1. Cloud Atlas- It took me over eleven years to find a new favorite film, and dare I say that I didn’t even realize it until recently. From the film’s extra-long final trailer to the end of my first viewing, I was moved to tears by this sci-fi fable. The tag line of ‘everything is connected’ is far too simple a phrase to explain the emotional impact this had on me. Sometimes, we ‘put’ things onto a film based on what we want to get from it. Sometimes, the film not only fulfills what we want, but seems to explain that the filmmakers believe it too. The Wachowskis and Tom Tykwer took a beautiful premise and gave it the respect it deserved, resulting in an honest experience that doesn’t pull punches. It is a brave film, occasionally gory and violent, moving to abstract and odd, then tender and graceful. This story blends everything I love about film, and the potential it has to take the fantastic to a higher level of entertainment. It may be pretentious, but maybe I’m pretentious. Or maybe I just fill in the gaps well. Whatever the case is, this is my favorite film.
*honorable mention: Groundhog Day, Casablanca, Seven, L.A. Confidential, Garden State, Ghostbusters, Batman (1989), Pulp Fiction, Fargo.
“Wish I Was Here” ***** (out of 5)
Starring: Zach Braff, Kate Hudson, Mandy Patinkin, Josh Gad, Joey King, Pierce Gagnon, Jim Parsons, and Ashley Greene
Written by: Zach Braff and Adam Braff
Directed by: Zach Braff
Perhaps more than any filmmaker working today, Zach Braff is adept at focusing on a pivotal moment in a character’s life and capturing the emotional depth and lasting impact inherent in said moment. His 2004 masterpiece Garden State was a seminal film for me, and influenced not only my musical tastes but permeated my thoughts for some time. It seemed to exist solely to speak to my state of mind. Of course, it’s a film that I believe spoke to many in my age group, but that is the idea I’m attempting to convey- it captured something specific in that character and mirrored the emotions of the audience. Wish I Was Here is more of the same, yet different, if that makes sense, but a joy in its’ own right. As Braff the director, actor, and person has grown, his output appears to have followed, and it translates into one of the year’s best films.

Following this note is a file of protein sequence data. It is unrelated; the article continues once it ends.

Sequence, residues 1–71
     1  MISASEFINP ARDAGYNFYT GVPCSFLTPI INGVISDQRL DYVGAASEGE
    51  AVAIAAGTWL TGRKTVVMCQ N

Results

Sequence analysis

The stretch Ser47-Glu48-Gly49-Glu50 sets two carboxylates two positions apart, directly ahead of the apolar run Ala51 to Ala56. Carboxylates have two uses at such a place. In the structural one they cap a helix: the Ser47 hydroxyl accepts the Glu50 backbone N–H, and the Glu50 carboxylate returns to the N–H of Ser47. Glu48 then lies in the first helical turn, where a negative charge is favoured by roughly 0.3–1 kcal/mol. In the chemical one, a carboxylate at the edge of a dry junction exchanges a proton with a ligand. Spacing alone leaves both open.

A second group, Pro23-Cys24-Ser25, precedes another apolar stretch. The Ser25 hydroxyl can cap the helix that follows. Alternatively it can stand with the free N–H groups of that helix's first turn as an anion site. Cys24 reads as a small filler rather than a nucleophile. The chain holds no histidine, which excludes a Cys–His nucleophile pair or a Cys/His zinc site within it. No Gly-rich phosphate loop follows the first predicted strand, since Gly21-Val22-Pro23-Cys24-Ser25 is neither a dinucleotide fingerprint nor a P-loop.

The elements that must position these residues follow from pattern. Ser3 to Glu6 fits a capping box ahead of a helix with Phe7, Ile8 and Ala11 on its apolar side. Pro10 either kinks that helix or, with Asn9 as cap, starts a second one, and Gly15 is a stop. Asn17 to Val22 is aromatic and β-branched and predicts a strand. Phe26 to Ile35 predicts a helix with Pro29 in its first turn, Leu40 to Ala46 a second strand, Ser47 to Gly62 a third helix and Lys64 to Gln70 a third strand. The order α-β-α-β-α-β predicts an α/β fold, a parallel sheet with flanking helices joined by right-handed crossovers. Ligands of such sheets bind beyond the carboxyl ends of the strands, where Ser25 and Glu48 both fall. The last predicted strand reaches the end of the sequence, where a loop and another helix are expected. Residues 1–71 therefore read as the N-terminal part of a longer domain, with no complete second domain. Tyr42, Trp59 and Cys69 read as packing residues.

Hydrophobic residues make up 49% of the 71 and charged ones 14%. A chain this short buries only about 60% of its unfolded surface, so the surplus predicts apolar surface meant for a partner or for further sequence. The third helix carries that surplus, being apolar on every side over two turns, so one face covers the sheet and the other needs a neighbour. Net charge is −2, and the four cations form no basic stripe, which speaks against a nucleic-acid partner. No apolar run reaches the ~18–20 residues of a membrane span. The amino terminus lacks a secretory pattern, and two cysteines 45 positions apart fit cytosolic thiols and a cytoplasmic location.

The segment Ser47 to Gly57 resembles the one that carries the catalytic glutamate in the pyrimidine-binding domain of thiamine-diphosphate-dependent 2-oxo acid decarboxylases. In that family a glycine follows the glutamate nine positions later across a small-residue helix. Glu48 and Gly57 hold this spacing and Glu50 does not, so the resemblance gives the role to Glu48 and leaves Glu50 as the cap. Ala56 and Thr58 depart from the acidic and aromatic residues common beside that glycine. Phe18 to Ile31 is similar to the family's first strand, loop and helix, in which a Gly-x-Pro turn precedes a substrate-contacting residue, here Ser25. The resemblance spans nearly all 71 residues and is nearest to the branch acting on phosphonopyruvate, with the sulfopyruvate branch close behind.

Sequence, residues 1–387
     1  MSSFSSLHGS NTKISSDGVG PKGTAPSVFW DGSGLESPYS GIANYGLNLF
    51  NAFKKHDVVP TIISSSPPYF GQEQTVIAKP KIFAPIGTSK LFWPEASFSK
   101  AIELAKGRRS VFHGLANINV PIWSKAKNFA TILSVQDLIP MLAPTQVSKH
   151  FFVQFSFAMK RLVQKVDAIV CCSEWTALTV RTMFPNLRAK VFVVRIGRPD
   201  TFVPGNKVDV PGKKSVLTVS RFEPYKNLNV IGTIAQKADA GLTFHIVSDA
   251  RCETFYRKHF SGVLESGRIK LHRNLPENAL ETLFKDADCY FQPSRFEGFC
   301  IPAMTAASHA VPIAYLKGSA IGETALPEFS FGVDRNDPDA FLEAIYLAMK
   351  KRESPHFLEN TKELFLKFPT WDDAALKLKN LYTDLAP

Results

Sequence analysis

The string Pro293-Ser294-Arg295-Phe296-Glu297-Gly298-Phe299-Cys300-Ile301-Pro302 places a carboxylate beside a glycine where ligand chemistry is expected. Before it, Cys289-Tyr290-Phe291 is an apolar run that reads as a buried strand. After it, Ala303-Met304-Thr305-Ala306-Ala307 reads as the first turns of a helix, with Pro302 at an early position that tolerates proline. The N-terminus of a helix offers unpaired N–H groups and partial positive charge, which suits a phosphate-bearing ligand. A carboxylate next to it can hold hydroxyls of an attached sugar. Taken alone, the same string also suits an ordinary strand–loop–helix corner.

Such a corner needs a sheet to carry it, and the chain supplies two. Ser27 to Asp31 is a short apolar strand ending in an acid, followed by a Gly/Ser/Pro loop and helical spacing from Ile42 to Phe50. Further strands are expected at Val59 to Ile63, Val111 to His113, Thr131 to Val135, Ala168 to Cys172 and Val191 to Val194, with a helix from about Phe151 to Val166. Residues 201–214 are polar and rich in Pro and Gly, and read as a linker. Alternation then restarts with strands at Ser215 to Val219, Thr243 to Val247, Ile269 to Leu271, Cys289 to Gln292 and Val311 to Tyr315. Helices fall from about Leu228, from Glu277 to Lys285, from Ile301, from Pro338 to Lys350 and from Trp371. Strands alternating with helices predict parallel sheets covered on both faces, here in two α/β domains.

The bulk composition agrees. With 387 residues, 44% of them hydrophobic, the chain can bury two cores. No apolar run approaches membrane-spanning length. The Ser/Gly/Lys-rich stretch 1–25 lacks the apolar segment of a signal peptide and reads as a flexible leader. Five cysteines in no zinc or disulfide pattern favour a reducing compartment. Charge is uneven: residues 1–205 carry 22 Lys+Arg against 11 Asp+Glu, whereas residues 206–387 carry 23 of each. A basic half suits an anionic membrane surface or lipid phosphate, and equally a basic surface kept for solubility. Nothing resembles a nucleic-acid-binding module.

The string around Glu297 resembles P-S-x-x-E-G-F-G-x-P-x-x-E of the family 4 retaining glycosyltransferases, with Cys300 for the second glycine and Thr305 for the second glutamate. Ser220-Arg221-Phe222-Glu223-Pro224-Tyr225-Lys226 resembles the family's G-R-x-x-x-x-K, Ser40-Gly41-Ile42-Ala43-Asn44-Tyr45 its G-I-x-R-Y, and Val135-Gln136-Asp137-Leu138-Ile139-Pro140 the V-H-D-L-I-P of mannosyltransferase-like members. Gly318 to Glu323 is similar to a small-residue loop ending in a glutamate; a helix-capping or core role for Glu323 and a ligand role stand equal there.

Braff directs himself as foul-mouthed yet spirited father and struggling actor Aidan Bloom- inching towards 40, yet still not entrenched in a ‘life’s work’ situation. His two children (King and Gagnon) are reasonably well-adjusted, and his marriage, despite its’ financial difficulties, is strong. He and his on-screen wife (Kate Hudson) depict an unlikely film duo- realistic, likable, supportive, yet cognizant of their struggles, working together for something better. Their portrayals are a welcome breath of fresh air to on-screen couples- still sexy and oozing chemistry despite having to talk about all that silly ‘real life’ stuff. Other filmmakers could learn a thing or two from what Braff does here- respecting his characters enough to have intelligent, real thoughts about their lives and not harbor mounds of regret- or look for an escape.